Army Training Films

Having just written A Kiss Before Dying, in 1953 Levin was drafted into the US Army at the tail end of the Korean War, which ended while he was still in basic training.

Soon finding himself a fish-out-of-water radar trainee, Levin approached the brass at his Fort Monmouth, New Jersey army base to ask if they'd permit him to attempt writing a one-hour semi-biographical television drama about his experience at the base's radar school.

The resulting production proved a success, and Levin wound up being reassigned as a full-time writer at the Army Pictorial Center, then located in Queens, New York – now the home of Kaufman Astoria Studios. (Back then, in addition to fully-functional production studios, the Center also housed a barracks.)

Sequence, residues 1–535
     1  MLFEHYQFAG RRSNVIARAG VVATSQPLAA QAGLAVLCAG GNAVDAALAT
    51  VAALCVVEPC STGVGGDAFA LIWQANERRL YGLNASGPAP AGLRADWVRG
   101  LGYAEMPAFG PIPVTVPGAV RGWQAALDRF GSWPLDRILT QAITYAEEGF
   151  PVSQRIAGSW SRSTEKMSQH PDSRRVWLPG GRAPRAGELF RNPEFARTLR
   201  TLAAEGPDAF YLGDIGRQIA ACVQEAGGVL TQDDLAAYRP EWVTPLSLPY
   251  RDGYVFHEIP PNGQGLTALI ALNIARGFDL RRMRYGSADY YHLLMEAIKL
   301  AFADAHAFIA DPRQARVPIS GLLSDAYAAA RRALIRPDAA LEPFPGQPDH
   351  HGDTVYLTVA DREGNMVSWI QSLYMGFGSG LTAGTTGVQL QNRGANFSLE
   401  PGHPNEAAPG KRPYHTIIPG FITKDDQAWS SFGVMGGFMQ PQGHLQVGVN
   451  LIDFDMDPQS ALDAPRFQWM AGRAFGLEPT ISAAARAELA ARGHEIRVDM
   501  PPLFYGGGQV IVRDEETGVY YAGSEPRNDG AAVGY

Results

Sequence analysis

(Above) Levin in basic training (1953)

Despite the war's end, the need remained for clear, informative training films, which Levin helped create – as he described in this humorous New York Times piece:

(Above) Pfc. Levin
As the clipping at right states, “Levin is now applying his talents toward writing the script for the filming of various activities in the [Quartermaster] School. His contributions to the TV experiments will be to write the story and documentary on training films that will be produced of QM operations in field bath, refrigeration, and QM property.”

A benefit of being stationed in Queens was that Levin could spend what leave time he had with his family in nearby Manhattan – a stone's throw from his barracks. This also allowed him precious writing time, separate from his military duties.

Levin received an honorable discharge in 1955, and was awarded the National Defense Service Medal.


(Above) Levin, 1954

(Above) Levin, 1954